We tried again the next morning to dine out for my favorite meal of the day, breakfast.  We went to a cafe that also has vegan food.  I hadn’t been in years and was surprised that they had expanded the menu and had 50% vegan options for me to choose from.  I had oragnic coffee, the Tofu Scramble with 5 different veggies and Whole Grain Toast.  Nick had an omlette named BOB and Powerhouse Potatoes with tea.  It was amazing to find that vegan options are out their if you look.

I know that it is hard to find restaurants in your area unless you’re in the know, but I can help you with this new online source for vegan restaurants.  Check out this restaurant source from the Physicians  Committee for Responsible Medicine http://www.21daykickstart.org/restaurants/index.cfm to find a restaurant near you.  It’s growing everyday, so make sure to check back for more options.

Yesterday was officially 10 days of living life as a vegan…Exciting!   I can’t say it hasn’t been hard to go without things like cheese (my favorite), but it has been easier than I thought.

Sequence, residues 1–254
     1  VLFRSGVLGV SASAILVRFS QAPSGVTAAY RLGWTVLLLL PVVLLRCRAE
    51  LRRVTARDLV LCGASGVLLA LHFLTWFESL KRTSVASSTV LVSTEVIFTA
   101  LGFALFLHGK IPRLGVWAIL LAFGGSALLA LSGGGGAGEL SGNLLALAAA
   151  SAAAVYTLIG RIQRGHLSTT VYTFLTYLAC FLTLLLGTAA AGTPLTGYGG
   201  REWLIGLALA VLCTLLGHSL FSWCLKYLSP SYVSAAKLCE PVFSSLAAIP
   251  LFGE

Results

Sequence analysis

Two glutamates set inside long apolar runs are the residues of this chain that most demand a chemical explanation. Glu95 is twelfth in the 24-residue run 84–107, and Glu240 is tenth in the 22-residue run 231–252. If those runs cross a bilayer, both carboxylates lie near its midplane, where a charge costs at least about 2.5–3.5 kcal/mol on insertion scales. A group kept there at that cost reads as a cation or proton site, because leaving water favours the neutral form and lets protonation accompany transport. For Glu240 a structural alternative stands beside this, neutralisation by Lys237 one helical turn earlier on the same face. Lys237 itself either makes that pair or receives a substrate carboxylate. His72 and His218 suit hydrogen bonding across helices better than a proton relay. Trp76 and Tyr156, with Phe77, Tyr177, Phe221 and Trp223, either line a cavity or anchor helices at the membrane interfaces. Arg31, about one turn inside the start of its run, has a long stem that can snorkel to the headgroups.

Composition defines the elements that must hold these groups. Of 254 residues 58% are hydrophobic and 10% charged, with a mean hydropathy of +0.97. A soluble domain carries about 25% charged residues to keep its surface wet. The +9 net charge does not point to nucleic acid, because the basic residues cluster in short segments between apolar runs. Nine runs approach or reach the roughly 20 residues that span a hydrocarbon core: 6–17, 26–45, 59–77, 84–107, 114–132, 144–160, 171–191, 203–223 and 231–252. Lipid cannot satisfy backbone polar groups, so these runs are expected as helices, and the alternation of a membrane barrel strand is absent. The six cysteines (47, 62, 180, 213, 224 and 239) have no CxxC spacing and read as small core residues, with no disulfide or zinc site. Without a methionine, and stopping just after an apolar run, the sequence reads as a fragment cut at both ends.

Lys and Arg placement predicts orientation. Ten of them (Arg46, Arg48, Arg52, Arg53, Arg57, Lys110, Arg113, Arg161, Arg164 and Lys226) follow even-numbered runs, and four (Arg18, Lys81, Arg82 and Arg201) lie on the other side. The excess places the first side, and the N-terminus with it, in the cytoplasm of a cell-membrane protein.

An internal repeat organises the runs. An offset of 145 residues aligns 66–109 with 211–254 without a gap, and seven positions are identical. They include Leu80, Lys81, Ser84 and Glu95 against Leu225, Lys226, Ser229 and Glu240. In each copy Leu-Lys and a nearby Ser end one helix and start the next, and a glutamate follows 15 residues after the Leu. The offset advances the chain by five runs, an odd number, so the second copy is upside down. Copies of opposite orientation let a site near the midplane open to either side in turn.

I am fortunate enough to have a vast knowledge of vegetarian options and know where to find the proper ingredients for success.  I started thinking yesterday how hard it would be if I didn’t.  I happened to be reading through a vegan cookbook and realized that many of these recipes call for ingredients that the normal everyday person wouldn’t have in their kitchen, know how to find or even know what they were.

I need to start writing down more recipes and pass them along because I can take a random thought or traditional recipes and tweak them to meet the vegan guidelines by using only normal kitchen ingredients.  I’ll see what I can come up with in the next few days and I’ll get another recipe published in this blog.

Til then it might interest you that if you’re in a hurry and desperately need to eat, fast food is still available to you.  I ventured to Taco Bell this week and realized that you can eat vegan off their menu, you’ll just have to take the time and special order.  I had a bean burrito minus the cheese.  It was delicious!  Plus, I was able to get my Taco Bell fix.  Hurry up and make a run for the boarder!

Always have a close friend that is a professional chef!

I had the most incredible dinner last night.  My gorgeous friend Roxane and I decided to get “the girls” together for a little wine, food and conversation since we hadn’t seen each other this year.   Roxane happens to be a personal chef and caterer in Indianapolis.